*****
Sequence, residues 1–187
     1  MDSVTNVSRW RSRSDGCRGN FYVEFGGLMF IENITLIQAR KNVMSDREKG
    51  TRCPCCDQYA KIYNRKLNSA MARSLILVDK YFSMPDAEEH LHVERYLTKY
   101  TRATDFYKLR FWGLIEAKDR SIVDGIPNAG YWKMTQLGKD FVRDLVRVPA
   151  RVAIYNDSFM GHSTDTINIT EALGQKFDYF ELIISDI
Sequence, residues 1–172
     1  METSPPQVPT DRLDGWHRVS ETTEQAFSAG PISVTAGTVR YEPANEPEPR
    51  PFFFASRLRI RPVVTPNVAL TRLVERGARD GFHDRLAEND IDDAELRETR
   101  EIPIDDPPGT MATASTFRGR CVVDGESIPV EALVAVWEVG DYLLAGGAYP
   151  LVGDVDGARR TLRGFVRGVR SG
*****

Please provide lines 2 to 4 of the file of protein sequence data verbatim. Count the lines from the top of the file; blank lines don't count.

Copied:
     1  MDSVTNVSRW RSRSDGCRGN FYVEFGGLMF IENITLIQAR KNVMSDREKG
    51  TRCPCCDQYA KIYNRKLNSA MARSLILVDK YFSMPDAEEH LHVERYLTKY
   101  TRATDFYKLR FWGLIEAKDR SIVDGIPNAG YWKMTQLGKD FVRDLVRVPA